For in vitro studies of airway pathophysiology, primary epithelial cells have many advantages over immortalised cell lines. Nasal epithelial cells are easier to obtain than bronchial epithelial cells and can be used as an alternative for in vitro studies. Our objective was to compare nasal and bronchial epithelial cells from subjects with COPD to establish if these cells respond similarly to pro-inflammatory stimuli. Cell cultures from paired nasal and bronchial brushings (21 subjects) were incubated with cigarette smoke extract (CSE) prior to stimulation with Pseudomonas aeruginosa lipopolysaccharide. IL-6 and IL-8 were measured by ELISA and Toll-like receptor 4 (TLR-4) message and expression by RT-PCR and FACS respectively. IL-8 release correlated significantly between the two cell types. IL-6 secretion was significantly less from bronchial compared to nasal epithelial cells and secreted concentrations did not correlate. A 4 h CSE incubation was immunosuppressive for both nasal and bronchial cells, however prolonged incubation for 24 h was pro-inflammatory solely for the nasal cells. CSE reduced TLR-4 expression in bronchial cells only after 24 h, and was without effect on mRNA expression. In subjects with COPD, nasal epithelial cells cannot substitute for in vitro bronchial epithelial cells in airway inflammation studies. © 2012 Comer et al.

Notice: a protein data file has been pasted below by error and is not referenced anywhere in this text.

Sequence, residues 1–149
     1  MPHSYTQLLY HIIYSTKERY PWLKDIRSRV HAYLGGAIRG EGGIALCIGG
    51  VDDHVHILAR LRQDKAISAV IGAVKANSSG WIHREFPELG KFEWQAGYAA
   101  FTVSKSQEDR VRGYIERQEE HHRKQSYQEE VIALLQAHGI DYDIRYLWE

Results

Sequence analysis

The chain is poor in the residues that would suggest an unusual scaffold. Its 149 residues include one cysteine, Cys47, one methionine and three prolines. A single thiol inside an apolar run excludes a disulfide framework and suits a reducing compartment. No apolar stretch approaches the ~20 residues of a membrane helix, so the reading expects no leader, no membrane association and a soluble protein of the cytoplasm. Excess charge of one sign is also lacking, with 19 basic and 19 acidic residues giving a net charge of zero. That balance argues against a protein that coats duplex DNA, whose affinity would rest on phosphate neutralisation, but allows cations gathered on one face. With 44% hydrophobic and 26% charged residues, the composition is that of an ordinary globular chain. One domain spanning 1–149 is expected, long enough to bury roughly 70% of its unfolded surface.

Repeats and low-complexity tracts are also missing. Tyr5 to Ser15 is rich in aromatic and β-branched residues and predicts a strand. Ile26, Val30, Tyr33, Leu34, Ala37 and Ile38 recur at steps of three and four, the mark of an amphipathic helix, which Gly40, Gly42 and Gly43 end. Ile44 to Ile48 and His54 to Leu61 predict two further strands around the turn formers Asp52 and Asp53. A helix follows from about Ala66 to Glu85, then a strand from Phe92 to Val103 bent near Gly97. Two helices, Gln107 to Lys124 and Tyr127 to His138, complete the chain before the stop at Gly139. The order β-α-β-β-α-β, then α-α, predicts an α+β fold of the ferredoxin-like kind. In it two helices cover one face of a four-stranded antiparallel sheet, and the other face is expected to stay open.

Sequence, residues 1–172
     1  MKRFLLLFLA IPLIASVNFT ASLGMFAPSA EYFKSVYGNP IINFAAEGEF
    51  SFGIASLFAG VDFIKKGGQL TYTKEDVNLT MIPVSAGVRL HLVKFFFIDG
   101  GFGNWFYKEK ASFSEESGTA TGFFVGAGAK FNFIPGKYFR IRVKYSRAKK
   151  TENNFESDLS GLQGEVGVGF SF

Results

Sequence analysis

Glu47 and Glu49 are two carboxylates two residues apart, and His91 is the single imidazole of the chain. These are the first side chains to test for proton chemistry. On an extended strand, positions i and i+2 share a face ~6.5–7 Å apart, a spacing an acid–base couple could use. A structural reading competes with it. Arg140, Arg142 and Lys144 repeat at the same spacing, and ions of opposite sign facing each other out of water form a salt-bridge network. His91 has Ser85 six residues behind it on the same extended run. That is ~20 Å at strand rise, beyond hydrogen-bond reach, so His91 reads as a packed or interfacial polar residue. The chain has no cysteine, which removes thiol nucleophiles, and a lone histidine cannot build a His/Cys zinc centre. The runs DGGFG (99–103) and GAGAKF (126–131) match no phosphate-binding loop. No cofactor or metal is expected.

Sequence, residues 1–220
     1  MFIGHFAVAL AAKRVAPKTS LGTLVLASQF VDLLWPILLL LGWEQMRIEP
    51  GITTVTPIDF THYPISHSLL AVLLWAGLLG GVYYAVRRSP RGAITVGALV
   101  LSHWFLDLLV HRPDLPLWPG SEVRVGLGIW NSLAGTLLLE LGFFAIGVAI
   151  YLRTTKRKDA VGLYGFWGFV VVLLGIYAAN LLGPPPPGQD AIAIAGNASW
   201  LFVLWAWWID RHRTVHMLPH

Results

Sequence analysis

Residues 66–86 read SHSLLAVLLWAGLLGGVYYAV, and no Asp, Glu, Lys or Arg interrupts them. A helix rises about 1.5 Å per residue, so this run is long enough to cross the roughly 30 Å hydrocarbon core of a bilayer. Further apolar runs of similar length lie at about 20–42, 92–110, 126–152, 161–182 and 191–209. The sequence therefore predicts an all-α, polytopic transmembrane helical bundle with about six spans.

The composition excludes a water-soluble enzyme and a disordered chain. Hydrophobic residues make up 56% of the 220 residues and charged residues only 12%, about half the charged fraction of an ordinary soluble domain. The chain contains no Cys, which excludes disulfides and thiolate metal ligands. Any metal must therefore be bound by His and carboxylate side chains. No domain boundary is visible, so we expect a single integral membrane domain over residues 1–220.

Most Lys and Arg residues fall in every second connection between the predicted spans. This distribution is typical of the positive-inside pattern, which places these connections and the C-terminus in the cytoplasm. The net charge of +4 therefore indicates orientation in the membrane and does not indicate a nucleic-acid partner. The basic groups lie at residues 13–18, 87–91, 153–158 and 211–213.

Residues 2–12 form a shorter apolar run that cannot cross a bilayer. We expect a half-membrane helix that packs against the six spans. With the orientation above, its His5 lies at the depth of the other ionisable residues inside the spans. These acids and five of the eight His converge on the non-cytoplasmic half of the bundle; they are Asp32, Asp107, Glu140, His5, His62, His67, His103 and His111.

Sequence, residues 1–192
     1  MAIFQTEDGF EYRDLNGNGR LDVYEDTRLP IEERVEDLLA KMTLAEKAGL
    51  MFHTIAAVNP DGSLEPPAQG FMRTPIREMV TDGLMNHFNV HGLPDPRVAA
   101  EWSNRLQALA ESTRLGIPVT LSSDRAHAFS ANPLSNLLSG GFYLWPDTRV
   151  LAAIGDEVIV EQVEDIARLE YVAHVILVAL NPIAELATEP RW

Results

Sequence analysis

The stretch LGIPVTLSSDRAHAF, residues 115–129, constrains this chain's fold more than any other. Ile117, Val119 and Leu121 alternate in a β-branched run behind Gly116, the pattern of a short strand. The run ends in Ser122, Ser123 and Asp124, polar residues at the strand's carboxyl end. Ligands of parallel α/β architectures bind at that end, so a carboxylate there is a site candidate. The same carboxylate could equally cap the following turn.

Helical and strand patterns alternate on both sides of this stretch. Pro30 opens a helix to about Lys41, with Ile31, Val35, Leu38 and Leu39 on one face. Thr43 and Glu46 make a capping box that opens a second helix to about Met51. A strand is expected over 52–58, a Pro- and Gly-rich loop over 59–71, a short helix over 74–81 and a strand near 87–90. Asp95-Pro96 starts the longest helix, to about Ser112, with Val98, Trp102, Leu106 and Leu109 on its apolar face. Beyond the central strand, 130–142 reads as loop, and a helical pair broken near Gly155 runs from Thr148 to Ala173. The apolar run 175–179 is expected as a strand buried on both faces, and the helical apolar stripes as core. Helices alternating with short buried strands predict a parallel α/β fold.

ASJC Scopus subject areas
- Agricultural and Biological Sciences(all)
- Biochemistry, Genetics and Molecular Biology(all)